Interest Arbitrage

Interest Arbitrage

The practice of buying a currency on the spot market, selling it on the forward market, and investing the difference in exchange rate. Interest arbitrage is done in order to profit from a (usually temporary) inefficiency in an exchange rate. One can conduct interest arbitrage with a foreign currency, or one can use one's own currency (provided one can buy it using a foreign currency).
References in periodicals archive ?
Presumably, if there are sufficient numbers of arbitrageurs in perfectly competitive cross-country financial markets, the covered interest arbitrage profits, if any, will be quickly eliminated by adjustment of one or more of these exchange and interest rate variables.
The presented data show how the models fail to account for the excess returns from interest rate differentials (Atkeson & Kehoe, 2007) because based on interest rate parity covered interest arbitrage is not possible.
Therefore to gain from a covered interest arbitrage, a British investor must simultaneously buy dollars in the spot market and sell dollars in the forward market.
A classroom exercise to simulate triangular and covered interest arbitrage.
Indian Currency and Finance [Keynes, 1913] explored the working of the gold-exchange standard and the need for a reserve bank to manage India's participation in it; The Economic Consequences of the Peace [Keynes, 1919] argued that the transfer problem made the reparations clauses of the Versailles Peace Treaty unworkable; A Tract on Monetary Reform [Keynes, 1923] exposed the social costs of hyperinflation, discussed inflation as a tax on holding money and government bonds, and analyzed covered interest arbitrage in the forward market for foreign exchange in the resulting world of floating exchange rates [Dimand, 1988]; and The Economic Consequences of Mr.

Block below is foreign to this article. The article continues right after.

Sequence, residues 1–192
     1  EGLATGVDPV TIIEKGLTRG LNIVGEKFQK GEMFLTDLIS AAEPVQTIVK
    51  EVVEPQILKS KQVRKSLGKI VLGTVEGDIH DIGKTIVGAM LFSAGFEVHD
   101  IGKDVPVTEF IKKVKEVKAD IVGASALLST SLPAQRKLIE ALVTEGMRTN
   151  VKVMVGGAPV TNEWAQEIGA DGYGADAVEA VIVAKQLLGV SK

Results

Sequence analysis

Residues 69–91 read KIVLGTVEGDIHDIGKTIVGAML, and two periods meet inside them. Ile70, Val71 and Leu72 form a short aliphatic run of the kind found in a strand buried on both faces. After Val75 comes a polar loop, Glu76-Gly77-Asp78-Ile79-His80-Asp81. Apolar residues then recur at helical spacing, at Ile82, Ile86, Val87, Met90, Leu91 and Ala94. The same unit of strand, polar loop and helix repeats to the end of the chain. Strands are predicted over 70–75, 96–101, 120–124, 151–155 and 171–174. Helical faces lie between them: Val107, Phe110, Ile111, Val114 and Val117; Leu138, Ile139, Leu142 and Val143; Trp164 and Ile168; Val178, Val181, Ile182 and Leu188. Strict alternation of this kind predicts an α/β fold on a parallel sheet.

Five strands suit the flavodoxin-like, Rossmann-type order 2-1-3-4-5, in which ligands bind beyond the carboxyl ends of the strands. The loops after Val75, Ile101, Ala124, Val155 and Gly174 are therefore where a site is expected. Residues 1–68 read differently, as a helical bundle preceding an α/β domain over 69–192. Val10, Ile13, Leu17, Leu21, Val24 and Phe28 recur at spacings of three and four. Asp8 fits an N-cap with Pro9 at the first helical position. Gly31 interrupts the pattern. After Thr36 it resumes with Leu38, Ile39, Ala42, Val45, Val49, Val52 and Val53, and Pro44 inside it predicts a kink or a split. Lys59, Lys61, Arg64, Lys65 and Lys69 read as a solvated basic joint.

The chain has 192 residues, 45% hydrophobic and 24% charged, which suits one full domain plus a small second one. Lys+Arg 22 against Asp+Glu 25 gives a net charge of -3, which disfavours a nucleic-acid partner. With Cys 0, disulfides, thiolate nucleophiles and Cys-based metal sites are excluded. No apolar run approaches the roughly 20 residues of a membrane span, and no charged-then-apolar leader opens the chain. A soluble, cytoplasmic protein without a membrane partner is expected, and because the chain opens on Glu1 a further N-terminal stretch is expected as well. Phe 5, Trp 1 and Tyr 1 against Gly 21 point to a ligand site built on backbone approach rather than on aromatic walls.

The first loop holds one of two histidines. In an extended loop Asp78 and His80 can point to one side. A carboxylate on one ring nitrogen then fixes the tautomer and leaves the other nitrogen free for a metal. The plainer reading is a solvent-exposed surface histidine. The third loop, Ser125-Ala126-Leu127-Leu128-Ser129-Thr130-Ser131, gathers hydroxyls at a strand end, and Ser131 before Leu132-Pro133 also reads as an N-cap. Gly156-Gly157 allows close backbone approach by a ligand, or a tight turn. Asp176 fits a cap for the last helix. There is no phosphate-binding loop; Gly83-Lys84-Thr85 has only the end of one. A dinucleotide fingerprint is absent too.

More advanced subjects, such as covered interest arbitrage and hedging alternatives, are presented so that more expert users may sharpen their skills.
The theoretical forward rate may be observed in the currency markets where there are no obvious covered interest arbitrage opportunities.
The most recent of his journal articles is "Gold-Point Arbitrage and Uncovered Interest Arbitrage under the 1925-31 Dollar-Sterling Gold Standard," Explorations in Economic History (1993).
He also found that policy loan fluctuations were due primarily to interest rates, supporting the interest arbitrage and alternative sources hypotheses.
Two theories, namely Interest Arbitrage and Speculation, explaining the relationship between spot and forward rates are examined.
and other industrialized countries, and therefore there is no opportunity for covered interest arbitrage for U.